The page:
As seen with respect to FIG. 23, the implanted system may include an adjustable gastric band 2310, a pressure sensor 2320, a battery 2330, a microcontroller 2340, a signal generator 2350, and electrical leads 2360 connecting to the ileum. As shown, the gastric band 2310 is used as a reservoir with the therapeutic substance. A delivery catheter connects the reservoir fluidly with the delivery interface. The catheter also has electric leads for the delivery of electrical stimulation pulses. Recognition of waves within pressure data may occur via time-averaged peak-detection algorithms wherein average baseline pressures are compared over periods of time or via machine learning algorithms/neural nets. As seen in FIG. 24, intra-gastric pressure from peristaltic waves is typically known as a function of time after ingestion of food. Such pressure data is used to optimize the machine learning algorithms.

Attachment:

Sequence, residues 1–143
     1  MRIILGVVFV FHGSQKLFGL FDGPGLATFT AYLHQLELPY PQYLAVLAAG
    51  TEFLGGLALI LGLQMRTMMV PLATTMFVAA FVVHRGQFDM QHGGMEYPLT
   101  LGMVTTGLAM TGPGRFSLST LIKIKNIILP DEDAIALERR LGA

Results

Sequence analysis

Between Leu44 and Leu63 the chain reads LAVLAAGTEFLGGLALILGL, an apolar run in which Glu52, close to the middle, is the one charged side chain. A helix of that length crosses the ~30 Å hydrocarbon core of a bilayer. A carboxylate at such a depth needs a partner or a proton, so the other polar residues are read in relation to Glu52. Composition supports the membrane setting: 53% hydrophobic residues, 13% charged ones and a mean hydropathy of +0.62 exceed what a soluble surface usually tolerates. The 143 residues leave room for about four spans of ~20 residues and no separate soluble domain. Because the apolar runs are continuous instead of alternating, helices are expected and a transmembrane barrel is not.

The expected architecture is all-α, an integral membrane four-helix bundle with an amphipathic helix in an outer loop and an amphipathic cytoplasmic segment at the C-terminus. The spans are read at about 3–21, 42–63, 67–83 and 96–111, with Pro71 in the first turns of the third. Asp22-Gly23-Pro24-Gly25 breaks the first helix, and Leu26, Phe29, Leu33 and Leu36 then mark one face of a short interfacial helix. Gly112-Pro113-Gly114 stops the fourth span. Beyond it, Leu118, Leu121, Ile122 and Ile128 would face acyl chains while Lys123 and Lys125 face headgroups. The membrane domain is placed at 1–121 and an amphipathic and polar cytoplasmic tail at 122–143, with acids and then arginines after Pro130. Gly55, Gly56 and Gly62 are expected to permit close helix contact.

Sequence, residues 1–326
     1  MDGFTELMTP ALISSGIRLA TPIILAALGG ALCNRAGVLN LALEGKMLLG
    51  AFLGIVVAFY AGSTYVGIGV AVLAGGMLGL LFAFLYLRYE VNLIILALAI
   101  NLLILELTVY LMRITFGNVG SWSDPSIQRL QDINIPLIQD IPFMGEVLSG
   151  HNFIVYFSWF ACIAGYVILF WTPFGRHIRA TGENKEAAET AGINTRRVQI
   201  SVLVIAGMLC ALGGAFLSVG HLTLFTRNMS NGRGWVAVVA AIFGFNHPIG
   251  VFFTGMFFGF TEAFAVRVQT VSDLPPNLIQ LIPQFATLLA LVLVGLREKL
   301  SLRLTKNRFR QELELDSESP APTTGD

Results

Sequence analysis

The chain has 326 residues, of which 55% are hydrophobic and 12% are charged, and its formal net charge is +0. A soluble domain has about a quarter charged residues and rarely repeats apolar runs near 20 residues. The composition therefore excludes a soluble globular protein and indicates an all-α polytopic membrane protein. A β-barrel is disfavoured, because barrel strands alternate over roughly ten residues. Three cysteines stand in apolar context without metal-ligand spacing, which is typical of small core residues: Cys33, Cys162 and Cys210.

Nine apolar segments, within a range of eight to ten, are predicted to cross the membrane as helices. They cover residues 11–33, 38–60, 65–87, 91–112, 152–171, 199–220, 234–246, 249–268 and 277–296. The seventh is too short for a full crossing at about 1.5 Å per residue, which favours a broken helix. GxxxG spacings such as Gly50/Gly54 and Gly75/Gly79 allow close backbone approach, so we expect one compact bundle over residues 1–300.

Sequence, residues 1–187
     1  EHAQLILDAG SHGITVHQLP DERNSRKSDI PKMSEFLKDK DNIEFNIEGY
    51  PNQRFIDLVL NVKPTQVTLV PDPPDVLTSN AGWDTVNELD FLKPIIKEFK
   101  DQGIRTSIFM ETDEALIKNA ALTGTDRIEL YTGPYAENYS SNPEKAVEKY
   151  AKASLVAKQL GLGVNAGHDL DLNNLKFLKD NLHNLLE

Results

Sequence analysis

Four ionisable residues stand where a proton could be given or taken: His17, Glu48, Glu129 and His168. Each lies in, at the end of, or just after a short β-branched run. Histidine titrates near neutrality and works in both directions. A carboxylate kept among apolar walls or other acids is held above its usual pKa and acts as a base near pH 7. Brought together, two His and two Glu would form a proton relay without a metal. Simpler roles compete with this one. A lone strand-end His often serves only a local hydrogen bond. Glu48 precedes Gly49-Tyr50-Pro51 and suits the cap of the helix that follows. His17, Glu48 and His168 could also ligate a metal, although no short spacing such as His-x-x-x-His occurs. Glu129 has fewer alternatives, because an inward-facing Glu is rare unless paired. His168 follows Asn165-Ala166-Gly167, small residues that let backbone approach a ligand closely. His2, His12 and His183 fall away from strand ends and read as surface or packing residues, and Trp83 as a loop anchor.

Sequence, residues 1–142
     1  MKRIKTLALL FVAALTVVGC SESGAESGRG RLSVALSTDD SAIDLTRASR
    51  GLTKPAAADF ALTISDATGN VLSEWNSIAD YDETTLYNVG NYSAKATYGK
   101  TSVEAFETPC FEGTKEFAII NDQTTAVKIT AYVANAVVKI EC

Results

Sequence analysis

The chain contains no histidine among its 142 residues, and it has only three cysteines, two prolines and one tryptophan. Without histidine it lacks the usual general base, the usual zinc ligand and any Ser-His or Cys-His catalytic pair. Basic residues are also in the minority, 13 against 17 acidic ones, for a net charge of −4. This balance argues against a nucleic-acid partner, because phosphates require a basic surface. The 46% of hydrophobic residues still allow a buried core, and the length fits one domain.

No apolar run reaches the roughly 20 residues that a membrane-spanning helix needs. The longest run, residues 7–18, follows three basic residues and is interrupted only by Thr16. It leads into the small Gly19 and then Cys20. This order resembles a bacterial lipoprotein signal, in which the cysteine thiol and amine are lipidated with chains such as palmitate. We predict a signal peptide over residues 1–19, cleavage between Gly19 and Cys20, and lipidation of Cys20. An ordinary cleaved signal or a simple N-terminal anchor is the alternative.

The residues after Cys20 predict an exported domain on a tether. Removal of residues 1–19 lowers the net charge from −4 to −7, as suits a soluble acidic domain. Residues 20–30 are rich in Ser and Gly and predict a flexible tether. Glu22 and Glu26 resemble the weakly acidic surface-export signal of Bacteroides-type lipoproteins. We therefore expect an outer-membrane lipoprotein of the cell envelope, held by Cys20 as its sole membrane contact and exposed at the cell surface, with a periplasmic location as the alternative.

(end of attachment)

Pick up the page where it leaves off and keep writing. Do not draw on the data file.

In another embodiment of FIG. 25, peristalsis is recognized by piezo ceramic transducers implanted into the wall of the stomach 2500 or esophagus 2505. The detection of peristalsis by a pressure sensor 2510 operatively coupled to a battery 2520 and control system 2530 then triggers electrical stimulation of the ileum by means of a signal generator 2540.
 Several benefits are provided by the embodiments of the present invention. Gastric banding is already a broadly accepted treatment for obesity and greater weight loss control can be achieved by the embodiments of the present invention than with gastric banding alone. In addition, there is a greater likelihood of success for a larger percentage of patients because it utilizes more than one mechanism for weight loss and combines them synergistically. Further, the embodiments presented are reversible. Intra-band pressure data is used to improve control of the intestinal brake device.